By Michelle Key

Makana Willis is a 15-year-old sophomore at Beauregard High School and a jewelry designer. She also has Down Syndrome.

Last fall when Makana’s mom, Pam, was working on the angel ornaments that she hand crafts and sells, Makana handed her mom a drawing of an angel. This drawing was one of the first indications that Makana had been watching her mom’s creative work closer than Pam thought.
Pam started letting Makana pick out which beads to purchase stating that they would sometimes spend hours looking through the online catalogs while Makana made her choices, voicing her preferences for necklaces, bracelets and earrings. It was during one of these searches that Makana found a butterfly charm that said “Butterfly Kidz” on one side and “I am special” on the other. “It became the inspiration for a new jewelry line designed by Makama,” Pam said.
With Makana’s choices made, Pam placed the first order for the new line. Once the basic designs were in placed, Makana began selecting each and every bead to go in each piece and her mom does the assembly work. She also drew the butterfly picture that is the logo for the line.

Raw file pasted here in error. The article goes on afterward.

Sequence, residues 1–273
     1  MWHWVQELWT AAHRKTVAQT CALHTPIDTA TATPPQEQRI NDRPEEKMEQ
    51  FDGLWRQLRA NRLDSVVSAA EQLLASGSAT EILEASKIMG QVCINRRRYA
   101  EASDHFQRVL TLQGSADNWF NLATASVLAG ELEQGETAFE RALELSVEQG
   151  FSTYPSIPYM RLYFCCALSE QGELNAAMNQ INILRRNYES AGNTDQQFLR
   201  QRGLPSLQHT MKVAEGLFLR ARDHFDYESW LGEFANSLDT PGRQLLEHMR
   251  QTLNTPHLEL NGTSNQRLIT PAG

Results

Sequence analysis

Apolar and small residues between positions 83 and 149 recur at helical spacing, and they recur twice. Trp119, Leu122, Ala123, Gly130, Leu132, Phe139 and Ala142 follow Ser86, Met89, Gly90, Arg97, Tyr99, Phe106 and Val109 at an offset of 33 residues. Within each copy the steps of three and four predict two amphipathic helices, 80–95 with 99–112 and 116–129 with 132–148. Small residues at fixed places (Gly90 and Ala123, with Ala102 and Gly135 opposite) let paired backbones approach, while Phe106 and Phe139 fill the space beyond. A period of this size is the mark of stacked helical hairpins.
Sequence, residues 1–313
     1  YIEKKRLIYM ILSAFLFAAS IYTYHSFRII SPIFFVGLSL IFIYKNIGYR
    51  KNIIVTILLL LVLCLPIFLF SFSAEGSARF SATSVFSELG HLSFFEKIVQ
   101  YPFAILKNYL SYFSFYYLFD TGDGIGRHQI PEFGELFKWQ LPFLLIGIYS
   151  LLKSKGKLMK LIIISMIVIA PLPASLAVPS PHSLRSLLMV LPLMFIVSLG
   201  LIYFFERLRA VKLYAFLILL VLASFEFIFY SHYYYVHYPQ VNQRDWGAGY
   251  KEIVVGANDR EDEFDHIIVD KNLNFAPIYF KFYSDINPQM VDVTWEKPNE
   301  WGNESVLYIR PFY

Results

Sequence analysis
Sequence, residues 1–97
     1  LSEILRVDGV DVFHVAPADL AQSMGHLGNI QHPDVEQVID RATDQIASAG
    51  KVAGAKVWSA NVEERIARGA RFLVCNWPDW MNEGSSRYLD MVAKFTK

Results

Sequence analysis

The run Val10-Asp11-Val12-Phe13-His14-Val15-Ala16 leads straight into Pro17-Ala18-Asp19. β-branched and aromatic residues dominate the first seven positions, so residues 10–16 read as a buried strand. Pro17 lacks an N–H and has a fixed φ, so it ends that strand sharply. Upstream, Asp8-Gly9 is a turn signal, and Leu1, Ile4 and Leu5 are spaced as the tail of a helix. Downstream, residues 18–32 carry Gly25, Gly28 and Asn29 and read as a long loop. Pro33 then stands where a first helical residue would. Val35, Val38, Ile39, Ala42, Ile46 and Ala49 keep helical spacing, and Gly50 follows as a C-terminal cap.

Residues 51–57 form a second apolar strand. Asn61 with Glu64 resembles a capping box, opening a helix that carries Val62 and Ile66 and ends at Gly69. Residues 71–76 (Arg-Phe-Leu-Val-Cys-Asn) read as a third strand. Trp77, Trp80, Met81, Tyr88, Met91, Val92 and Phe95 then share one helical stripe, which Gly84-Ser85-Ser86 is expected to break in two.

Recently, Pam approached Jennifer Graham, owner of Fringe and Fringe Kids in downtown Opelika and made arrangements to drop off some samples of Makana’s jewelry. During a follow-up meeting to discuss the possibility of carrying the Butterfly Kidz line, Graham addressed Makana about her jewelry. Makana took over and started showing off the pieces, telling Graham about each one.
“My heart swelled with pride as I watched her present and sell as if she had done it a thousand times. Not only did Makana design the line, she closed the deal,” Pam said.
Butterfly Kidz is now being sold exclusively at the Fringe Kids pop-up boutique located inside O Town Ice Cream located on S. Railroad Avenue in Opelika.
“Makana has a genuine interest in creating with me and shows promise of becoming a great artisan and business owner. It is a dream of mine to one day open a studio with her working with other talented special needs individuals so they too can share their creations,” Pam said.